Genomics dissection of the heart pacemaker in Zebrafish

Heart arrhythmia is a condition where the rhythm of heart contraction becomes irregular. This can lead to the formation of blood clots with devastating consequences such as heart attack and stroke. However, despite its seriousness, heart arrhythmia is very little understood compared to other types of heart diseases. The genetic factors which cause the condition is not well known and there is very little medical treatment available to treat such conditions, the most common being surgery and artificial pacemakers. Therefore, heart arrhythmia patients often have to live with the condition and experience a decrease in quality of life and often need to undergo continuous and costly medical procedures due to common recurrence of the condition. Our research aims to improve the understanding of the genetic mechanism causing heart arrhythmia, and with this knowledge, we hope to contribute to the medical field in improving the diagnosis as well as treatment methods of heart arrhythmia.

The pacemaker is a group of cells in the heart which spontaneously generate small electrical current at a regular rhythm and propagate this current throughout the heart, causing its rhythmic contraction. If the pacemakers develops abnormally, the rhythm of heart contraction is affected, leading to different types of arrhythmia depending on which pacemaker is affected and the nature of the defect. To study how the pacemaker develops and functions, we use the zebrafish as a model organism due to its similarity in heart physiology and genetics to that of humans. Using a genomics approach, we will perform a study to elucidate the molecular mechanism underlying pacemaker development in the zebrafish, followed by initiating the groundworks for establishing the zebrafish as a model organism to study pacemakers function and diseases associated with their dysfunction. Besides identifying factors in common between human and zebrafish, our results will also suggest novel genetic factors with potential implications in heart arrhythmia. This knowledge is envisaged to contribute to future development of molecular diagnosis as well as inform the design of future clinical therapies for heart arrhythmia.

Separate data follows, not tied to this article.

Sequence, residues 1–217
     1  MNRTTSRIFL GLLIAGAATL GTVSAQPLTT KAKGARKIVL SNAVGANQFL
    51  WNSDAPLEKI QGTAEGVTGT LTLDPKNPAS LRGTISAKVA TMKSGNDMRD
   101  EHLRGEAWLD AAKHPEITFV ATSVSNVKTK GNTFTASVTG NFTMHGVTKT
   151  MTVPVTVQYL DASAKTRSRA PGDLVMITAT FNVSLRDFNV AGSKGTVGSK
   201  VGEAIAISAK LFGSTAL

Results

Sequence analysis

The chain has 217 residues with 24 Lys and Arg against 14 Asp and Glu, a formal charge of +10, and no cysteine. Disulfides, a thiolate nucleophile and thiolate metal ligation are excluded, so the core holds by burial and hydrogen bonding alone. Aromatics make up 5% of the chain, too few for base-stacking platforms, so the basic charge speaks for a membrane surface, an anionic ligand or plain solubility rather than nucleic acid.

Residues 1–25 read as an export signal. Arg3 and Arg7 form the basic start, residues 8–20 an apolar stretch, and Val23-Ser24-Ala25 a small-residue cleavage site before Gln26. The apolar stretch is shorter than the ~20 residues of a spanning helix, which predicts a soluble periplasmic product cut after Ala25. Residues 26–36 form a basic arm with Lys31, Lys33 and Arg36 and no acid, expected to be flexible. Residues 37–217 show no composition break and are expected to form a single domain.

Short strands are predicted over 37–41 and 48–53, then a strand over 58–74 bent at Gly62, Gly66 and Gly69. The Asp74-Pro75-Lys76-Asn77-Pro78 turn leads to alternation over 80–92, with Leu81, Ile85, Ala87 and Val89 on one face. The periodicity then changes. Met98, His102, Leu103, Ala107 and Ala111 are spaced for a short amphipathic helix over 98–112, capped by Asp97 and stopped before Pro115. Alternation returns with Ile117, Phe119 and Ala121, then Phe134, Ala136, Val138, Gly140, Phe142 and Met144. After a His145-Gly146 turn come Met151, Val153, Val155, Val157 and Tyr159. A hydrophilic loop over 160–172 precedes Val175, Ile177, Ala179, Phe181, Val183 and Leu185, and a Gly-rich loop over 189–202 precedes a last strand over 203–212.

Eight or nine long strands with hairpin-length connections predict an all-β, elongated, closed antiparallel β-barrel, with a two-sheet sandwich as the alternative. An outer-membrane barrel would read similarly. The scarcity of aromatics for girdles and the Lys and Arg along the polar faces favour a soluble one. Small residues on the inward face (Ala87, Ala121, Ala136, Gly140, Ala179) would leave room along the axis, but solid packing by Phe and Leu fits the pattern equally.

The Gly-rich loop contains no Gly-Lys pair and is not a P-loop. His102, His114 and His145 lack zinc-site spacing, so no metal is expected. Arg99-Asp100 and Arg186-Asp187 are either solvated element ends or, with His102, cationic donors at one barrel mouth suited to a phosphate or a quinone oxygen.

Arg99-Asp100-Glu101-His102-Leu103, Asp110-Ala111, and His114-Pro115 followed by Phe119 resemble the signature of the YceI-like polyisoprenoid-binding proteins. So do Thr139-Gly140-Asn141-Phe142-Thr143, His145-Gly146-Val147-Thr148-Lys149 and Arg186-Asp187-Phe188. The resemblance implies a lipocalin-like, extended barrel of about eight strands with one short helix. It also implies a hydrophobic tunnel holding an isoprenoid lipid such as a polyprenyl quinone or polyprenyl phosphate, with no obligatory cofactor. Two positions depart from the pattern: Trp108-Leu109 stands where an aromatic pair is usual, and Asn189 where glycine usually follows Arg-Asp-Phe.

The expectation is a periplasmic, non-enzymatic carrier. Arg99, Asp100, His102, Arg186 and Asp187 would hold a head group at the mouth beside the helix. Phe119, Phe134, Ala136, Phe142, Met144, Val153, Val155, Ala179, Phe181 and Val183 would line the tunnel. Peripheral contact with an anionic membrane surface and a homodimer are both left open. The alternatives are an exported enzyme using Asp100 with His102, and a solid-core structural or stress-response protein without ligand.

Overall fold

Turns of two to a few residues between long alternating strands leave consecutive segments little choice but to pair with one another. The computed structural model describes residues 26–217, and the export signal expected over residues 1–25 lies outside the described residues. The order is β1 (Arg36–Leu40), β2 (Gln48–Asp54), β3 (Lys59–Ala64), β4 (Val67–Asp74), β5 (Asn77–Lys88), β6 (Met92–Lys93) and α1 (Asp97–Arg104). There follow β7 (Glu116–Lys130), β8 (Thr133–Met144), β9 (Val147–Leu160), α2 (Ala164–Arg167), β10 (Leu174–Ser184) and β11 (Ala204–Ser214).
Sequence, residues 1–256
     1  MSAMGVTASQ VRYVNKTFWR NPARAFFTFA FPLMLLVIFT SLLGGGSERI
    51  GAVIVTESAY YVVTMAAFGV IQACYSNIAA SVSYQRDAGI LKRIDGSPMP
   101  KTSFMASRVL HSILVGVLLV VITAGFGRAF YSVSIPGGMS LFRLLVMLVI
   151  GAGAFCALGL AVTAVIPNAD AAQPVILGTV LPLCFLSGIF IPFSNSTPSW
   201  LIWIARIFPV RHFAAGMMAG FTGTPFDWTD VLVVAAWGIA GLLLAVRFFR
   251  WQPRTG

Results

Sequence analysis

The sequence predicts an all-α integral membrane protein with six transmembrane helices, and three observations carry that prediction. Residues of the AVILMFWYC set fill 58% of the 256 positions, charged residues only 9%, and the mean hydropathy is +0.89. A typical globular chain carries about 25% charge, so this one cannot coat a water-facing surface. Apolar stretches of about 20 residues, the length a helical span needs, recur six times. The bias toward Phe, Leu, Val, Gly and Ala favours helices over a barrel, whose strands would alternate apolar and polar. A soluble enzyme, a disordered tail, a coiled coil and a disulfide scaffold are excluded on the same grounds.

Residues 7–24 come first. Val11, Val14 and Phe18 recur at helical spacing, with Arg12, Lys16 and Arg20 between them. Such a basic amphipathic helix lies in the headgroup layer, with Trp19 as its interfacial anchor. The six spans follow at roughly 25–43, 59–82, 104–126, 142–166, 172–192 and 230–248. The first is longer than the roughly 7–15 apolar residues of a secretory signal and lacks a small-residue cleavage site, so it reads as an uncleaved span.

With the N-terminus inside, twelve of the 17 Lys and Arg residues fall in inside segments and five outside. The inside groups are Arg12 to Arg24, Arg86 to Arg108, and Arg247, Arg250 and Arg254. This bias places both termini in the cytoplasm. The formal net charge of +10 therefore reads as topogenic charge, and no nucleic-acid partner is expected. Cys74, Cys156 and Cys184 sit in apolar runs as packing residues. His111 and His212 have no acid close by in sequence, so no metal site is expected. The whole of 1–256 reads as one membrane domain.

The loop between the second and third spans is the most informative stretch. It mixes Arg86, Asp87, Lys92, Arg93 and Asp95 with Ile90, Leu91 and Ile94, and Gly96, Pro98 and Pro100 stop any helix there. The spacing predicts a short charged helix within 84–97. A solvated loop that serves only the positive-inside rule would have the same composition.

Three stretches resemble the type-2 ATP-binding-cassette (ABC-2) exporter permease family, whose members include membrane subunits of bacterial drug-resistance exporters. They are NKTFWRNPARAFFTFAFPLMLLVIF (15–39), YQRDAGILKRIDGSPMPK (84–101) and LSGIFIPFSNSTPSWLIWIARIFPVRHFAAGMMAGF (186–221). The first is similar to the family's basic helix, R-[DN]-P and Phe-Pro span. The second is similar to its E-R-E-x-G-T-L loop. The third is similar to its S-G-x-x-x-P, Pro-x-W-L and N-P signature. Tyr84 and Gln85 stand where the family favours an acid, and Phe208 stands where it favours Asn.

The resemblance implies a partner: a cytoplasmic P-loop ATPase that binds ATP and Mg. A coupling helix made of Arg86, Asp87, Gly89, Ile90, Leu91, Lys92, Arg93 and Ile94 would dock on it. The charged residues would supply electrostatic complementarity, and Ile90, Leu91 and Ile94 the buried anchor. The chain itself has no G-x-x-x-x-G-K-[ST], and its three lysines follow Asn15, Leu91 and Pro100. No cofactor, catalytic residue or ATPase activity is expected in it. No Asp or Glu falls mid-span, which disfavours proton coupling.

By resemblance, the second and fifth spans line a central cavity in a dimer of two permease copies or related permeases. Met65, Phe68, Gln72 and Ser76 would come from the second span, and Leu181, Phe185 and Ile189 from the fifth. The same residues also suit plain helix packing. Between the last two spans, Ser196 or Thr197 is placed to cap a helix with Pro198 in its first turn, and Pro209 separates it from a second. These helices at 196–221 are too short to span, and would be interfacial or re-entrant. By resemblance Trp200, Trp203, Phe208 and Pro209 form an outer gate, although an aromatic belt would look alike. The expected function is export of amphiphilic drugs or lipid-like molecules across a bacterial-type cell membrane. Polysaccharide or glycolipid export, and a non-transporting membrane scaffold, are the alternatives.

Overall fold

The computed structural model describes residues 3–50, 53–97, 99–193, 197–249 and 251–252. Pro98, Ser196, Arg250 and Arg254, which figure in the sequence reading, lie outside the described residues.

The project is carried-out within the First-TEAM programme of the Foundation for Polish Science and is co-financed from the European Union under the European Regional Development Fund.